Federal Reserve Seeks Feedback on Proposed Updates to FMUs Risk Management Requirements
On September 23, the Federal Reserve invited comment on proposed updates to operational risk management requirements for certain systemically important FMUs supervised by the Federal Reserve. There are eight FMUs designated as systemically important, and the Federal Reserve is the supervisory agency for two of them: The Clearing House Payments Company, L.L.C. and CLS Bank International.
The Federal Reserve noted that the broad operational risk, technology and regulatory landscape in which FMUs operate has “evolved significantly” since risk management requirements were last updated in 2014. The updates address four key areas: (1) review and testing, (2) incident management and notification, (3) business continuity management and planning, and (4) third-party risk management. The updates contain technical updates including adding definitions of “operational risk,” “critical operations,” and “critical services.”
“In light of the rapidly evolving risk landscape, the proposed changes will help ensure that key financial market utilities operate with a high level of resilience and remain a source of strength for the financial system.”
- Lael Brainard, Vice Chair of the Federal Reserve Board
CFPB Issues Request for Information on Mortgage Refinances and Forbearances to Promote Competition and Support Household Financial Stability
On September 22, the CFPB issued an RFI seeking public input on ways to spur new mortgage products that help to facilitate mortgage refinances and support automatic short-term and long-term loss mitigation assistance for consumers. The CFPB will use information obtained through the RFI as it considers steps to support household financial stability and address refinance market gaps, as well as to inform future policy initiatives, rulemaking, and other mortgage competition and innovation initiatives. Comments must be submitted by November 28.
Practical Guide to the Application of the Marketing Rule to Private Fund Placement Agents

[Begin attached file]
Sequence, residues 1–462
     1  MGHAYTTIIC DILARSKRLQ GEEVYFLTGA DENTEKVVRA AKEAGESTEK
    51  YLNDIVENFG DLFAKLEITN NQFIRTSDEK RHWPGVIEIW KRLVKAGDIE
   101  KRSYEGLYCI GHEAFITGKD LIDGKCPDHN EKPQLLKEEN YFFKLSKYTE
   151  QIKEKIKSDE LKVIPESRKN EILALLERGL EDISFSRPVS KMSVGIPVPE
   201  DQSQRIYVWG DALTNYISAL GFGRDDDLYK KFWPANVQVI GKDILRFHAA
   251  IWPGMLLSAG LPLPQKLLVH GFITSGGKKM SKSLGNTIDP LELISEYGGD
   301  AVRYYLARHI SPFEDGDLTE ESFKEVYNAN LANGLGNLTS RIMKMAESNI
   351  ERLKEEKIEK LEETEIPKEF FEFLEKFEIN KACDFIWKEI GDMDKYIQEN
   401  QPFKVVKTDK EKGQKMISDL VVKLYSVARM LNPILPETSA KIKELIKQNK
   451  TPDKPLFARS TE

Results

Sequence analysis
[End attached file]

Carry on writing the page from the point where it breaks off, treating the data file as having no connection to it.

Goodwin recently published an article that focuses on how the new Rule 206(4)-1 (the Marketing Rule) under the Investment Advisers Act of 1940 (the Advisers Act) affects the relationships between investment advisers registered with the SEC and placement agents for private funds, including the contractual agreements.
Read the article to learn more.
Litigation & Enforcement
SEC Sanctions Broker for Failure to Register as Municipal Advisor and for Inadequate Procedures to Determine Whether It Needed to Register; A Reminder for Brokers and Fund Managers
On September 14, the SEC announced a settled administrative order, also dated September 14 (Order), imposing penalties, including a $100,000 fine, on a registered broker (the Broker) for failing to (1) register as a municipal advisor, in violation of Section 15B(a)(1)(B) of the Securities Exchange Act of 1934 (Exchange Act), and (2) reasonably supervise its associated persons with respect to the laws and rules applicable to advising municipal entities, in violation of Rule G-27 of the Municipal Securities Rulemaking Board (MSRB), and consequently, Exchange Act Section 15B(c)(1). The Order is a reminder that persons that come into contact with municipal entities, including brokers and fund managers, should have written policies and procedures to ensure that they know what activities would cause them to be municipal advisors and whether they need to register or have an available exemption or exclusion.
Read the client alert for a summary of the SEC’s findings and considerations for advisors subject to the MSRB.
SEC Enforcement Against Cheetah Mobile Execs Reflects Heightened Scrutiny of 10B5-1 Plans
On September 21, the SEC charged the CEO, Sheng Fu, and former president, Ming Xu, of Chinese-based technology company Cheetah Mobile Inc. (Cheetah Mobile or the Company) with insider trading for selling Cheetah Mobile American Depository Shares while in possession of material nonpublic information. Notably, the trades at issue — sales totaling 96,000 shares to avoid losses of approximately $203,290 and $100,127, respectively, in advance of a negative disclosure — were made pursuant to a Rule 10b5-1 plan that the two executives had jointly established. However, the SEC determined that their plan did not shield them from liability because they entered into the plan only after becoming aware of material non-public information — a significant drop-off in advertising revenues from the Company’s largest advertising partner.
Read the client alert for a summary of the SEC’s findings and what this means in relation to 10b5-1 plans.
Check Out Goodwin’s Latest Industry Insights
FinReg + Policy Watch Blog
Stay on top of developments affecting the financial services community.
LenderLaw Watch Blog
Stay on top of news and legal issues in the consumer finance industry.
Consumer Finance Enforcement Watch Blog
Stay on top of enforcement actions, trends and issues.
Digital Currency + Blockchain Perspectives Blog
Stay on top of digital currency industry news, regulatory developments and issues.